If you don’t know by now, Whole Foods Market is a big fan of giving back to the community. In fact, the company gives back at least five percent of its after-tax profits to the communities it serves and regularly donates products and services to local causes.
The newest store, opening at The Shops at Arbor Trails on June 19th, will continue the tradition of giving back starting with its very first sale.
“Whole Foods Market is a company with a conscience and we believe passionately in supporting the communities we serve," said Rebecca Scofield, Austin media and community relations coordinator for Whole Foods Market.
During the first five days the new store is open, Whole Foods Market will donate one percent of total sales to five local non-profits. Whittling down all of the amazing non-profits in Austin to just five organizations took teamwork.
"We visited with our soon-to-be-neighbors in the surrounding communities, and with our Team Members, and selected the five wonderful organizations to support during our opening week," Scofield said.
The lucky non-profits are Austin Pets Alive, Austin Zoo and Animal Sanctuary, Sustainable Food Center, Lady Bird Johnson Wildflower Center and Southwest Family YMCA.
Each day a different non-profit will benefit but only one will get the honor of being chosen as the grand opening day non-profit. Not only does the winning group get to be a part of all the first day hoopla, but it also gets one percent of grand opening day sales, and let’s face it, opening day always brings out the crowds.
So who will that non-profit be? That's up to you, our readers.
Starting now through next Sunday, you can cast a vote for the non-profit you think should be recognized on the big day. Those who vote and sign up to be a CultureMap Insider are entered in to win a gift basket and $100 gift card to — you guessed it, Whole Foods Market.
Here’s a breakdown of the non-profits. Find the one you love and start voting now. You can vote once each day.
You are bound to fall in love with all the cute kittens and puppies seen throughout Austin Pets Alive's website. They are the very same animals the non-profit strives to save by providing resources, education and programs needed to keep them alive.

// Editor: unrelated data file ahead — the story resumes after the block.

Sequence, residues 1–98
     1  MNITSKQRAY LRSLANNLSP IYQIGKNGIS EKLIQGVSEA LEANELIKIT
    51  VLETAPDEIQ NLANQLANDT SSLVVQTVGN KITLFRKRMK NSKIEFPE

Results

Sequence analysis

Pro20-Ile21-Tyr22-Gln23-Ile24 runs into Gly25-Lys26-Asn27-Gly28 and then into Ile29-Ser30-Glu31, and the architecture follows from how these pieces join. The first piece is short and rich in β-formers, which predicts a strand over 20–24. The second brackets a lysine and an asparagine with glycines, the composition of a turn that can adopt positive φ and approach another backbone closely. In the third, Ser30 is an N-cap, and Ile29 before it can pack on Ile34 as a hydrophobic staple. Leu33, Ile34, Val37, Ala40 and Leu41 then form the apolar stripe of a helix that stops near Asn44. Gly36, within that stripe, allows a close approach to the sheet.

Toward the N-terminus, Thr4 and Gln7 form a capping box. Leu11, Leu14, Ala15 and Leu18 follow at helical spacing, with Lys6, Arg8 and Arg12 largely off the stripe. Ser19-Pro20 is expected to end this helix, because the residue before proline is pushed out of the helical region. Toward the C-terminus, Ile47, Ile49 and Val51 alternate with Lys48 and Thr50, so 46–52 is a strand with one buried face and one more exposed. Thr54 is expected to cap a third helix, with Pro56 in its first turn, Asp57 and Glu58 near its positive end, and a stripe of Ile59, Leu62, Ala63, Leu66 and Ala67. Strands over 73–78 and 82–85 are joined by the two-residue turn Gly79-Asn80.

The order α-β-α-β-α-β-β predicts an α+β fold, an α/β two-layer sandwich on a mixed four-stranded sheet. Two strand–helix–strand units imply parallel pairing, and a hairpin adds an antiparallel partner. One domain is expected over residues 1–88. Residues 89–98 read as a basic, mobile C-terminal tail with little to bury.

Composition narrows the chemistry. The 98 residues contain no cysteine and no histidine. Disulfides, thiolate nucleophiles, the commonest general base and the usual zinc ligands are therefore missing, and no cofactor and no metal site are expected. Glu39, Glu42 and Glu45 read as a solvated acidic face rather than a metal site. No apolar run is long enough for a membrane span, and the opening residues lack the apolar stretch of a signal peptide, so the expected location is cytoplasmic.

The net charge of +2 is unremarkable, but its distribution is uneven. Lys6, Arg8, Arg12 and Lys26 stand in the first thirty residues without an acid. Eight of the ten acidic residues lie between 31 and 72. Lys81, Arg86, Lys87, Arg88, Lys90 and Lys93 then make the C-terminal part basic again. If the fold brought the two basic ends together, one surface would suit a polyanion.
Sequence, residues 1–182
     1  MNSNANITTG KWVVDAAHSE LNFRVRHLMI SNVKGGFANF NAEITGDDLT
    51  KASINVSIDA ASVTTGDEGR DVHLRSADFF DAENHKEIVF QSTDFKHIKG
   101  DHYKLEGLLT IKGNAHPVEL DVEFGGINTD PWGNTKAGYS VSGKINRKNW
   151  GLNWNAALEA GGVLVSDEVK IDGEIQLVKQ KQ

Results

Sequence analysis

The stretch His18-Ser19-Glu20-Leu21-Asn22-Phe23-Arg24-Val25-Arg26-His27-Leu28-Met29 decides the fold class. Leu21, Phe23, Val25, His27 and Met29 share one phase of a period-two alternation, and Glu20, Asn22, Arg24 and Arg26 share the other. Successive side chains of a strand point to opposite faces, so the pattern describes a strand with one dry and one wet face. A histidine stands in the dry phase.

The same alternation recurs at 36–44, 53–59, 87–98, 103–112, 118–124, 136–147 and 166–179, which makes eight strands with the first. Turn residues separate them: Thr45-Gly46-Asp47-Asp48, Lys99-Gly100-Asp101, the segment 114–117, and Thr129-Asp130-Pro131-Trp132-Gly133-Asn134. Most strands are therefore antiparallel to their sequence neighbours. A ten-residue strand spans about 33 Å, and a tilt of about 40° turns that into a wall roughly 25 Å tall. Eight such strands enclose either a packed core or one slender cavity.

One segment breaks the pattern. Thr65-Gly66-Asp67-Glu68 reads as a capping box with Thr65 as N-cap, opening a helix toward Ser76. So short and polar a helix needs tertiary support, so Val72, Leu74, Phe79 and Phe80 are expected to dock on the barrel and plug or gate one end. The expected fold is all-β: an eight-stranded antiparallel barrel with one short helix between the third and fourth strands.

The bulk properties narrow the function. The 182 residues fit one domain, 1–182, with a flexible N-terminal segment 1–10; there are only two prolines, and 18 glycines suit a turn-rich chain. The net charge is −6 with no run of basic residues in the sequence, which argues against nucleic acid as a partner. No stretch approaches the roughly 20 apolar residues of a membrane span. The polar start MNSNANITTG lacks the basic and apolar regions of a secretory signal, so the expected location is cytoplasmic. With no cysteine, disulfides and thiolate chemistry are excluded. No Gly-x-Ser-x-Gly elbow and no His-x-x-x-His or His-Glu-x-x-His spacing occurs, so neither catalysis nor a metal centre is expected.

This organization is made up of mostly volunteers who hope to make Austin a no-kill city. Right now they focus on saving the healthy and treatable pets at risk of being killed in a shelter. They also work with pet owners who are having problems so great they need to give their pets up to a shelter.
Yes, Austin has a zoo, and it’s located in the Hill County just outside the city. There you'll find more than 300 animals, but unlike most zoos, these are rescue animals in need of rehabilitation.
Each animal has a heart warming story about how they got to Austin, and there are lots of opportunities to get up close and personal with them all. The zoo is a non-profit and depends on private donations and grants to keep it going.
Austin is all about its local vendors and products. The Sustainable Foods Center is a non-profit that creates opportunities for people to get in on the local food scene. The organization offers organic food gardening, connections to area farmers, and interactive cooking classes.
Their mission is to give children and adults increased access to locally grown food and improve the long-term health of Central Texas and the environment.
The Lady Bird Johnson Wildflower Center is by far one of the most beautiful places in Austin. Former First Lady, Lady Bird Johnson and actress Helen Hayes founded the center in 1982.
The center is located in South Austin and boasts a gorgeous collection of beautiful and diverse wildflowers and native plants. The non-profit aims to protect and preserve North America’s native plants and natural landscapes through education, research and programming.
The Southwest Family YMCA is the final non-profit hoping to win the coveted grand opening day spot. This non-profit aims to enhance the lives of men, women, boys and girls in the Southwest Austin community. Y provides a variety of programs including camps, child care, and youth sports aimed at building self-esteem and teaching lifelong lessons. Y also strengthens bodies and nurtures spirits through their health and wellness programs. Whether you’re nine months or 90 years old, the Southwest Y offers a place to learn, grow and thrive.
To vote in the Whole Foods Community of Giving Culture Poll click here.